Photos difficult with distance & light
I was all set for my normal Thursday early finish at work followed by a long bike ride when suddenly CORYS SHEARWATER - RUTLAND WATER flashed up on the phone. Surely not,was my thoughts like everyone else's. I then checked on Twitter to see a report by Leicestershire birder Andy Mackay he had found a Cory's in the North Arm of Rutland Water.
I waited another twenty minutes for photographic evidence to be on social media and I was off surging east towards the summer hot spot for Ospreys. The journey took around 1 hour 50 and regular updates looked positive until I got within 30 minutes saying 'out of site flying around peninsula'. Having cycled around Rutland I knew the area pretty well so I bypassed the fishing lane and headed through Hambleton to the end of the road.
A two minute walk and low & behold the Shearwater was flying straight past me towards the south arm with the the stunning Normanton Church in the background. How brilliant was this. I probably watched the bird for about two minutes before it went out of view. Knowing the direction of flight I jumped in the car to drove five minutes to a different spot overlooking the south arm.
There, in the distance, was the Cory's Shearwater sat on the middle of the expanse of water with Mute Swans. The scope views were excellent & the pale pinky yellow beak stood out. I did expect the bird to be slightly larger but it seemed the size of a large gull. After five minutes on the water the birders were then treated to some outstanding flight views. What was strange was the days weather was very calm and didn't really project any thoughts of seabirds being blown off course.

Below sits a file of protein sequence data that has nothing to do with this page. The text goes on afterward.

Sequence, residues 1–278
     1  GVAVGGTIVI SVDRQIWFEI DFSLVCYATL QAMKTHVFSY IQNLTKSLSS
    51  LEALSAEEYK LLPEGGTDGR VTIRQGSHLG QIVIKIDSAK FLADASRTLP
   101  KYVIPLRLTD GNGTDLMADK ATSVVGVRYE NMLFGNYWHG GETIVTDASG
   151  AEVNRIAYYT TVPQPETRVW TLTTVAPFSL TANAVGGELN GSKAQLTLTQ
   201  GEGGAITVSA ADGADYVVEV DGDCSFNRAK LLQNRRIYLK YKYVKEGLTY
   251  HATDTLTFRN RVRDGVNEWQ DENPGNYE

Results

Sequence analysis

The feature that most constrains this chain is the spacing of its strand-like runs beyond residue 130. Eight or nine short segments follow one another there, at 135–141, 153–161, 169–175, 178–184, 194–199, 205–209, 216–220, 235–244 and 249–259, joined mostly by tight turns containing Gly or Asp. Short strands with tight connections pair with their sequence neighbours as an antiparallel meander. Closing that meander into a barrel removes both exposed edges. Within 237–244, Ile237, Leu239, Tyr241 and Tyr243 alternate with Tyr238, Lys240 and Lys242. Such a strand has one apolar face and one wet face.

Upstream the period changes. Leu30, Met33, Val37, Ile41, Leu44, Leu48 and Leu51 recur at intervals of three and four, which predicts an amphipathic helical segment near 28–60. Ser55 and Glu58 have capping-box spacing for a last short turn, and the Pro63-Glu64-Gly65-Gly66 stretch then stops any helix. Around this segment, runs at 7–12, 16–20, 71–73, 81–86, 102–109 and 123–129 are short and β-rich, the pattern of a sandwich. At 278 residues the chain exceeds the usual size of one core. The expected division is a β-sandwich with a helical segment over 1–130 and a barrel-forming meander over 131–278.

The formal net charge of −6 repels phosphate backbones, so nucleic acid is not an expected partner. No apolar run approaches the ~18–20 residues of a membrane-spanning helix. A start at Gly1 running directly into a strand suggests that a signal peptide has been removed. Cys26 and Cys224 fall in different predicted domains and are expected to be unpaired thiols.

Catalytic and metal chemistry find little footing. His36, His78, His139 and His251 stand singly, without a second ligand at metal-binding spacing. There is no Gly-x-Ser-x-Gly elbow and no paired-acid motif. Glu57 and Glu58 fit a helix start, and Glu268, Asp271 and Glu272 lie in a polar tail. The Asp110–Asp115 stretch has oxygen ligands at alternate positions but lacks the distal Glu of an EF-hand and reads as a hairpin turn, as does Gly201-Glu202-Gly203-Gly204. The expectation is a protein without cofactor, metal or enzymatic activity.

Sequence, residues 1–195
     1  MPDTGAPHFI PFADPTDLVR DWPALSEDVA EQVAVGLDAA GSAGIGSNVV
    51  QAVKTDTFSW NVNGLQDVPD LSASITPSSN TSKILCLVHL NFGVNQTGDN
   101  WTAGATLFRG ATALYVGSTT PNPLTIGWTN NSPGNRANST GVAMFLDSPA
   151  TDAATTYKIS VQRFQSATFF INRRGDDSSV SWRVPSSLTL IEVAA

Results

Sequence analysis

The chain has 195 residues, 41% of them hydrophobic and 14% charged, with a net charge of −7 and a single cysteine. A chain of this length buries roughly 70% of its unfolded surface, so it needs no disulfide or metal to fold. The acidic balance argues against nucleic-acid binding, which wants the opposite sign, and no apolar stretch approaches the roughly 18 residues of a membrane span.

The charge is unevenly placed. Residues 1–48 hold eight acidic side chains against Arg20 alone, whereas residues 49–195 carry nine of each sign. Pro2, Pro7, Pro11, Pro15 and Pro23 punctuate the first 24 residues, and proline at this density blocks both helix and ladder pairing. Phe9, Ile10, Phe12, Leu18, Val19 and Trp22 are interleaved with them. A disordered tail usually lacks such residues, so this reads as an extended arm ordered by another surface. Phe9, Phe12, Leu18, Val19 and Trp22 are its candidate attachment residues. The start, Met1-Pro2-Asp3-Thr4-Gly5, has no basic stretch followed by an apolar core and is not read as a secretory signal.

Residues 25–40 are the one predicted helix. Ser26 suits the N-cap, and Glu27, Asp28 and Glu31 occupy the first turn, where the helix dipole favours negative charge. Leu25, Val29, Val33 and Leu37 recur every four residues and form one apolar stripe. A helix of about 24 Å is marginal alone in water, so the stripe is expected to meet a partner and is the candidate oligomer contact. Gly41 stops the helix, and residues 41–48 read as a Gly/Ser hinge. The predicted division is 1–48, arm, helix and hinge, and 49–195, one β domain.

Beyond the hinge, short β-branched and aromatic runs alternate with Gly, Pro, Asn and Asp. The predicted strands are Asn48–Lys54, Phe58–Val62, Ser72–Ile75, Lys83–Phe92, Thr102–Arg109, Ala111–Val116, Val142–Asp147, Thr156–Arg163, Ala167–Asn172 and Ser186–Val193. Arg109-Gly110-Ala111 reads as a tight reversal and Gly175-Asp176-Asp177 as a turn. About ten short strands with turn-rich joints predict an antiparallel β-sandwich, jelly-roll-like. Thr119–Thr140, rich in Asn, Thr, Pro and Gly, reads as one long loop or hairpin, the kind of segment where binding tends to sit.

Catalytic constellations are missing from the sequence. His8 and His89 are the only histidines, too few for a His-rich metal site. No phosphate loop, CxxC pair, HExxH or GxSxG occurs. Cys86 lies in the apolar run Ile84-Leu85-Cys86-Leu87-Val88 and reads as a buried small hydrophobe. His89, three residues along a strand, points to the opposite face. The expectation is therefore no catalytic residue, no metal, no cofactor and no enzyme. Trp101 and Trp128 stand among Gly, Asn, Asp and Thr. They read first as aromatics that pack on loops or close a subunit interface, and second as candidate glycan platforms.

Highly satisfied I headed for home & not even a couple of slow local tractors blocking the road denied me of a very good afternoon in Leicestershire.
From checking the records it's only the third ever inland record for a Cory's Shearwater with the previous records being at Chasewater (Staffordshire) & one in flight over Regents Park London.